3 Undervalued Canadian Stocks to Buy Right Now

Trading at a huge discount, these three Canadian stocks could deliver oversized returns this year.

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The Canadian equity markets have made a strong start to February, with the S&P/TSX Composite Index rising 3.3% in the first three days of trading. The index is trading just 0.8% lower than its all-time high. In this bull market, it isn’t easy to find value stocks. However, here are three Canadian stocks that are available at discounts. Investors can buy these stocks for superior returns.

Suncor Energy

The expectation of improvement in oil demand amid the expansion of vaccine programs and the pledge by OPEC+ countries to clear the surplus oil have pushed the oil prices to the highest level in more than a year. Given its integrated business model, Suncor Energy (TSX:SU)(NYSE:SU) is well positioned to benefit from higher oil prices. Since the beginning of November, the company’s stock price has increased close to 48%. Despite the rise, the company still trades over 45% lower than its 52-week high, providing an excellent buying opportunity.

Meanwhile, Suncor Energy reported its fourth-quarter earnings yesterday. The company’s funds from operation improved from $1.17 billion in the third quarter to $1.22 billion for the quarter. Its operating losses stood at $0.09 per share, representing an improvement from an operating loss per share of $0.20 in the previous quarter. Its upstream production and refinery utilization also improved sequentially, following the completion of maintenance activities.

This year, the company’s management expects its production to improve by 10%, while its operating expenses could fall by 8%. Further, its refinery utilization rate could improve to 93%. So, the improvement in operating metrics and higher oil prices could drive Suncor Energy’s financials and stock price.


Enbridge (TSX:ENB)(NYSE:ENB) has made a bright start to this year, with its stock price rising close to 10%. However, it still trades 22.1% lower than its 52-week high. The weak oil demand amid the pandemic-infused restrictions had lower the asset utilization rate of its liquid pipeline segment, dragging its financials and stock price down.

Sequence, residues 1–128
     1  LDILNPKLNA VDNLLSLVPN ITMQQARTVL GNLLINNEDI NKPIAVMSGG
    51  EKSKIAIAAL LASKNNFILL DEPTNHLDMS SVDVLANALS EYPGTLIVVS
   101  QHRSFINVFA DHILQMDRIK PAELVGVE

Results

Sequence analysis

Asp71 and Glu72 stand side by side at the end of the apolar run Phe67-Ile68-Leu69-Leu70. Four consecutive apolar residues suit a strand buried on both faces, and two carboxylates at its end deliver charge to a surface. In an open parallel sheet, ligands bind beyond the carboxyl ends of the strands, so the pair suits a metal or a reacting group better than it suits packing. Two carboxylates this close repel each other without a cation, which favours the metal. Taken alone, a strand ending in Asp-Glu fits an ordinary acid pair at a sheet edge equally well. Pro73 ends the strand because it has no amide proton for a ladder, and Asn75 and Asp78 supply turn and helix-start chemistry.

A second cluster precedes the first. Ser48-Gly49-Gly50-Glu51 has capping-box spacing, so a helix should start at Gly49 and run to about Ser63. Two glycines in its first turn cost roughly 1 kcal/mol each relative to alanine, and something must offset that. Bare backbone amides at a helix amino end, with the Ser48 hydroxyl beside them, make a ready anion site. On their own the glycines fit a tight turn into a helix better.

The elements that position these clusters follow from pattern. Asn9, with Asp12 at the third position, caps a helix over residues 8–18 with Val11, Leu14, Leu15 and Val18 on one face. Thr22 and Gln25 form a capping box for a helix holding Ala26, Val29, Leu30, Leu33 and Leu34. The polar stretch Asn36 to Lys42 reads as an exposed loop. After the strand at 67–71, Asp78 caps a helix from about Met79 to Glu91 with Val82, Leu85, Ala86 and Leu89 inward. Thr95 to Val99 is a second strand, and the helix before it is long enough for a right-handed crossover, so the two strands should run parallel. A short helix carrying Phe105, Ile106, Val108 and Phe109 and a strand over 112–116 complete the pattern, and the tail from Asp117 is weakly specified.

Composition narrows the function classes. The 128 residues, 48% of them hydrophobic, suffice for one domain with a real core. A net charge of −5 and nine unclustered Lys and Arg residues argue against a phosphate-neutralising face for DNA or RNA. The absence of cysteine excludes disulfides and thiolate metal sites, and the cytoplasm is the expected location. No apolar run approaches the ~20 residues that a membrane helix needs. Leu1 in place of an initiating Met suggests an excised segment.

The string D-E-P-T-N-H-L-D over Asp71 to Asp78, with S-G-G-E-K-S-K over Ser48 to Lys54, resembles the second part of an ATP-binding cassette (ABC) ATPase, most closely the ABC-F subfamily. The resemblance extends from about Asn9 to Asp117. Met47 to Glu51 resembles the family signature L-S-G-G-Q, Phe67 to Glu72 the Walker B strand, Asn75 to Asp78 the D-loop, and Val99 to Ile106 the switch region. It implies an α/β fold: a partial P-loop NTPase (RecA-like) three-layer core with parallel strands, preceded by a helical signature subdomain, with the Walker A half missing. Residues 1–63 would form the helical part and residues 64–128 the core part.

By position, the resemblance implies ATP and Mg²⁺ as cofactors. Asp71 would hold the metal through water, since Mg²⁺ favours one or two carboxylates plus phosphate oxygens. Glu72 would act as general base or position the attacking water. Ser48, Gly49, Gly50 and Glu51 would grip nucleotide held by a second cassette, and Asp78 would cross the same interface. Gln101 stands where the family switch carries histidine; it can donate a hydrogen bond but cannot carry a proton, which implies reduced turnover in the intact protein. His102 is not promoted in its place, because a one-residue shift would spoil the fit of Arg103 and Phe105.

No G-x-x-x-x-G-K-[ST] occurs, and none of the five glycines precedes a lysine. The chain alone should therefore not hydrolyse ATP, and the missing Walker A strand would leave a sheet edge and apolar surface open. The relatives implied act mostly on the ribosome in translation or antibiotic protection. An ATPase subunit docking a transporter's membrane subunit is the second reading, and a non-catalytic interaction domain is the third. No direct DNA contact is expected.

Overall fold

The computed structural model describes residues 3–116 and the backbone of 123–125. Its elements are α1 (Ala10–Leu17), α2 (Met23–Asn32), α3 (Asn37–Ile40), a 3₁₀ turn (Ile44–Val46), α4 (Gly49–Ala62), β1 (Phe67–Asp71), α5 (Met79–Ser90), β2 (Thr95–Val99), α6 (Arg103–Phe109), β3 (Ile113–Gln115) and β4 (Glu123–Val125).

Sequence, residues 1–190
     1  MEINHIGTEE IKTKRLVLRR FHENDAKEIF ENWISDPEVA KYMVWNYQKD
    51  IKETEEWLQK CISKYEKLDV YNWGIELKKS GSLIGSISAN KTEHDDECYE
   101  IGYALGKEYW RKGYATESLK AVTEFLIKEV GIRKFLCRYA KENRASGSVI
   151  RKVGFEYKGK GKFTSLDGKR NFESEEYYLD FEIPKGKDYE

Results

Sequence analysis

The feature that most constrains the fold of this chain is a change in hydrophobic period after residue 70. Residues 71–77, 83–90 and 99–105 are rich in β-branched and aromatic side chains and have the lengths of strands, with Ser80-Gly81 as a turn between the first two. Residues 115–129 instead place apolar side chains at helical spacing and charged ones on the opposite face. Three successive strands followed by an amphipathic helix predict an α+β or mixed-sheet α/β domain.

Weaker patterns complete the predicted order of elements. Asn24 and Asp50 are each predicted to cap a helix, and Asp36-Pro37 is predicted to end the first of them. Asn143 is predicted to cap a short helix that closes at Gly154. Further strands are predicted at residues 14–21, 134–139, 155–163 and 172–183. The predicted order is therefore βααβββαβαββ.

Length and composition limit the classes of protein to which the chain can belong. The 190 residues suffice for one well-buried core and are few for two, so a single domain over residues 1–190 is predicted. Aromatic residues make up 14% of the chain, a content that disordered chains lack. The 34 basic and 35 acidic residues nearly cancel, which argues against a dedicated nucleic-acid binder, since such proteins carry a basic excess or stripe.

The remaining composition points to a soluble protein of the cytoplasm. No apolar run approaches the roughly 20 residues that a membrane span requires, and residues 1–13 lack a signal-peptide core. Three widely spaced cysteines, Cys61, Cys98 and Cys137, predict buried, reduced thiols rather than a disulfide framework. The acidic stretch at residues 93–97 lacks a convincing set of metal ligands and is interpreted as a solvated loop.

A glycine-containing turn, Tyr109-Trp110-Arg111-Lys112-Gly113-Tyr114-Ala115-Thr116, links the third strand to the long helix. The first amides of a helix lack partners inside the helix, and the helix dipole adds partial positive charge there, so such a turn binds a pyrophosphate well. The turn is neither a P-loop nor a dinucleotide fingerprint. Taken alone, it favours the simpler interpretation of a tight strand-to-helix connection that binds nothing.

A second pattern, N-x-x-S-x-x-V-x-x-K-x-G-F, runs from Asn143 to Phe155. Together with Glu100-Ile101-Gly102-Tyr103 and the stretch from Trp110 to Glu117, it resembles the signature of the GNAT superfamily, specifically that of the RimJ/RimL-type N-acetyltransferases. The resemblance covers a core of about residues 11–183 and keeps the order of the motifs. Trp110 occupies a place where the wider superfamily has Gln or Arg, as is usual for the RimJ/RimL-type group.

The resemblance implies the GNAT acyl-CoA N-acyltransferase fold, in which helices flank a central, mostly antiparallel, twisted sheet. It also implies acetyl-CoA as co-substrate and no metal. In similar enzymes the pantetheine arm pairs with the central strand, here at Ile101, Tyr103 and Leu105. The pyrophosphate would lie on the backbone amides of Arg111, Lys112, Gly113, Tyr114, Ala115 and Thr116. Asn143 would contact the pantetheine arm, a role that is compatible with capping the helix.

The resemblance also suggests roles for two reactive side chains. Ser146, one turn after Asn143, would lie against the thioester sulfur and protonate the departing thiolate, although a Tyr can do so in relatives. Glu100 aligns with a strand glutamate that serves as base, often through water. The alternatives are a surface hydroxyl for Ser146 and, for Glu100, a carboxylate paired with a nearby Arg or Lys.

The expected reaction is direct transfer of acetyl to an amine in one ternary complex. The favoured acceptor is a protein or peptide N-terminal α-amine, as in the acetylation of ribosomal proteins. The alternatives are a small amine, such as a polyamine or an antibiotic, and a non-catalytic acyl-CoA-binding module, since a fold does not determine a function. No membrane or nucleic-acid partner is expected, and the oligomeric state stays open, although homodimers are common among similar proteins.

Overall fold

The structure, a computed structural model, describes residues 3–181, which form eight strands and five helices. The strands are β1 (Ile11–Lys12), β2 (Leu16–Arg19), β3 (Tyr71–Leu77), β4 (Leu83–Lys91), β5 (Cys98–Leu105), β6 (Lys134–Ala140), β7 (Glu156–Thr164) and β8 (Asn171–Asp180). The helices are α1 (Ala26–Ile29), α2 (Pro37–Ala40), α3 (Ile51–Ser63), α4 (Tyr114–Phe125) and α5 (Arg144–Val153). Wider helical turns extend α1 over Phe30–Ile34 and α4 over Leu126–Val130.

However, the multiple rollouts of vaccines could boost oil demand, thus driving the financials and stock price of Enbridge this year. Further, the company operates a highly regulated business, with a significant amount of its adjusted EBITDA generated from regulated assets and long-term contracts, providing stability to its financials. The company is also continuing with its $16 billion secured growth projects, which could add another $2 billion of adjusted EBITDA from 2023.

Enbridge’s valuation also looks attractive, with its forward price-to-earnings and price-to-book multiples standing at 15.4 and 1.3, respectively. For 2021, the company has announced dividends of $3.34 per share, representing a dividend yield of 7.5%. So, given its growth prospects, attractive valuation, and high dividend yield, Enbridge could deliver superior returns in 2021.


Last year belonged to tech companies, as the pandemic increased the adoption of digitization. Docebo (TSX:DCBO)(NASDAQ:DCBO), which provides highly-configurable cloud-based e-learning platforms, witnessed a surge in demand for its services. Last month, the company provided preliminary financial results for its fourth quarter. It is expecting the top-line to grow by 48% to 52% on a year-over-year basis. Its average recurring revenue could rise by 55% to 57%, while the average contract value could increase over 22%.

Docebo earns over 90% of its revenue from recurring sources, and more than 75% of its clients have signed multi-year agreements, an encouraging sign. Further, with businesses looking to upskill their employees to meet their customers’ changing needs, I believe the demand for the company’s service could sustain even in a post-pandemic world. Online-learning platforms are also cost-effective and convenient.

Amid the recent pullback, Docebo is currently trading at a discount of 22.5% from its 52-week high. So, given its high-growth prospects, I believe investors could utilize this pullback to accumulate the stock for higher returns.

This article represents the opinion of the writer, who may disagree with the “official” recommendation position of a Motley Fool premium service or advisor. We’re Motley! Questioning an investing thesis — even one of our own — helps us all think critically about investing and make decisions that help us become smarter, happier, and richer, so we sometimes publish articles that may not be in line with recommendations, rankings or other content.

The Motley Fool owns shares of and recommends Enbridge. Fool contributor Rajiv Nanjapla has no position in any of the stocks mentioned. 

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